1974—Pub. L. 93–390, in introductory par., substituted “social development” for “social progress”, in cl. (a) inserted provisions for conducting insurance and reinsurance operations and substituted provisions requiring in financial operations consideration of economic and financial soundness of projects for provisions requiring consideration of economic and financial soundness of projects and availability of financing from other sources on appropriate terms, in cl. (d) substituted “efforts to share its insurance and reinsurance” for “when appropriate, efforts to share its insurance”, in cl. (e) substituted provisions requiring preferential treatment to investment projects involving businesses with enumerated net worth or total assets for provisions requiring utilization and encouragement for full participation in Corporation programs of small businesses, in cl. (i) inserted “and employment” before “objectives”, and added cls. (l) and (m).

Overseas Private Investment Corporation; Reaffirmation of Support

Pub. L. 100–418, title II, §2203(a), Aug. 23, 1988, 102 Stat. 1328, provided that: “The Congress reaffirms its support for the Overseas Private Investment Corporation as a United States Government agency serving important development assistance goals. In order to enhance the Corporation's ability to meet these goals, the Overseas Private Investment Corporation should increase its loan guaranty and direct investment programs.”

Ex. Ord. No. 11579. Overseas Private Investment Corporation

Ex. Ord. No. 11579, Jan. 19, 1971, 36 F.R. 969, as amended by Ex. Ord. No. 12107, Dec. 28, 1978, 44 F.R. 1055; Ex. Ord. No. 12163, Sept. 29, 1979, 44 F.R. 56673, provided:

By virtue of the authority vested in me by the Foreign Assistance Act of 1961 (75 Stat. 424), as amended (hereinafter the “Act”) [section 2151 et seq. of this title] and section 301 of title 3 of the United States Code, and as President of the United States, it is ordered as follows:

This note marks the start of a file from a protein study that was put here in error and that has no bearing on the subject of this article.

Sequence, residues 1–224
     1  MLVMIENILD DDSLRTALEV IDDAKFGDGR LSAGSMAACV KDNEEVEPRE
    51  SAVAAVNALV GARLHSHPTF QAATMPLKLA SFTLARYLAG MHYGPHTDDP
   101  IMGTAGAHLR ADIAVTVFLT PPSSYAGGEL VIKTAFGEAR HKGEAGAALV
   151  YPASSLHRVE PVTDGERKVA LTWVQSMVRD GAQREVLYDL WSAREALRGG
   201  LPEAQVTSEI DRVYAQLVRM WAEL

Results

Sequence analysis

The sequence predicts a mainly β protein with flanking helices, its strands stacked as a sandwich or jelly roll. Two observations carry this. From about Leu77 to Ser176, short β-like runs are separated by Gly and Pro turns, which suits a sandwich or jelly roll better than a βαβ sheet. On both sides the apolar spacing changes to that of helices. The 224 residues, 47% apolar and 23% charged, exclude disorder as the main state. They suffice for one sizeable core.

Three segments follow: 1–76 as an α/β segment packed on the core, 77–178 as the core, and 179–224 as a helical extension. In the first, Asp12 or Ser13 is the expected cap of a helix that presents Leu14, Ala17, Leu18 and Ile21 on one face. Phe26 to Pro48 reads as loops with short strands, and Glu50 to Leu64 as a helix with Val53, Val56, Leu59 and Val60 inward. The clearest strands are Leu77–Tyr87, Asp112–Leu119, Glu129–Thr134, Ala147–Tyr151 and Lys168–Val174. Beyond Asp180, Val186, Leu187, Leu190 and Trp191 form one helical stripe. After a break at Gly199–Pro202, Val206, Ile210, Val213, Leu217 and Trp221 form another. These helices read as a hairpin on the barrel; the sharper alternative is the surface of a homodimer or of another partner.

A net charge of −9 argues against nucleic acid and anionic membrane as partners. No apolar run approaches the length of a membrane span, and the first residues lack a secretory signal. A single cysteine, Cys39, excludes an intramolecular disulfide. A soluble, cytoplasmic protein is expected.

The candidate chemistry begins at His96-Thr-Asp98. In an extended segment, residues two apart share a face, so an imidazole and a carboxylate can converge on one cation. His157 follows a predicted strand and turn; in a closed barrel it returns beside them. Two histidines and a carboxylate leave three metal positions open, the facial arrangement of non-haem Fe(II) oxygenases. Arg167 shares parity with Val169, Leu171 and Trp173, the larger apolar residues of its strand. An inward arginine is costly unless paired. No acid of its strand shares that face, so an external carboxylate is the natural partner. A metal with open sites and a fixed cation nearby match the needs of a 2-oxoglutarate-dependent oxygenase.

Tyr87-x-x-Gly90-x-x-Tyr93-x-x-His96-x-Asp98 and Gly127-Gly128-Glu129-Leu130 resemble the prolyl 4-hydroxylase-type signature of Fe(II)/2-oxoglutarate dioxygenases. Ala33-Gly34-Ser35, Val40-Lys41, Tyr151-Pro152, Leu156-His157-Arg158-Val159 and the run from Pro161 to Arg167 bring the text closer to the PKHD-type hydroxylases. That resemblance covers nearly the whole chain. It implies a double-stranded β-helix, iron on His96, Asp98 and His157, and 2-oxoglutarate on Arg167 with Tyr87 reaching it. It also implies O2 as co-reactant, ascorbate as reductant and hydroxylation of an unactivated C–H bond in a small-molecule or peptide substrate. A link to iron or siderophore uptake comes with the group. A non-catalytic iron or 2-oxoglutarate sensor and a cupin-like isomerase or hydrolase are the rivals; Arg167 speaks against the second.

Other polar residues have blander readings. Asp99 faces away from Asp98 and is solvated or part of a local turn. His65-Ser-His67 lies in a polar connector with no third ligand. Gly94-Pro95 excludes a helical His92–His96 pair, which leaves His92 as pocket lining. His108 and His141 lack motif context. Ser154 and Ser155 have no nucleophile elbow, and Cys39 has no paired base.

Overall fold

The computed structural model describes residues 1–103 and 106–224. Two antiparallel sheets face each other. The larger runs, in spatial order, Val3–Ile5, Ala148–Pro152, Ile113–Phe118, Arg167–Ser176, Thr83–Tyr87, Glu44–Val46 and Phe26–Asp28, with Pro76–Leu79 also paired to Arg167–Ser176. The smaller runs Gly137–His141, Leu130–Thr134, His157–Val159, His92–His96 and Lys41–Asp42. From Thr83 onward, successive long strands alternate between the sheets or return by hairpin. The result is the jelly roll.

Section 1. Transfer to Overseas Private Investment Corporation. All obligations, assets and related rights and responsibilities arising out of, or related to, predecessor programs and authorities similar to those provided for in sections 234(a), (b) and (d) of the Act [section 2194(a), (b) and (d) of this title] are hereby transferred to the Overseas Private Investment Corporation (hereinafter the “Corporation”).

Sec. 2. Delegation of functions. (a) [Revoked by Ex. Ord. No. 12163, Sept. 29, 1979, 44 F.R. 56673.]

(b) The function of prescribing regulations relating to the reinstatement or restoration of officers and employees of the Corporation to other government positions, when their appointment to a position in the Corporation was made from another government position and their separation from the Corporation was not made for cause, is hereby delegated to the Office of Personnel Management.

Sec. 3. Allocation and transfer of funds. Funds made available under section 232 of the Act (repealed by section 105 of the Foreign Assistance Act of 1969) [section 2192 of this title] which are obligated but unexpended are hereby transferred to the Corporation.

Sec. 4. General provisions. (a) As used in this order, the words “function” or “functions” include any duty, obligation, power, authority, responsibility, right, privilege, discretion, or activity.

(b) The Corporation shall be deemed to be the successor of the Agency for International Development and the Administrator thereof, with respect to all functions vested in the Corporation pursuant to law.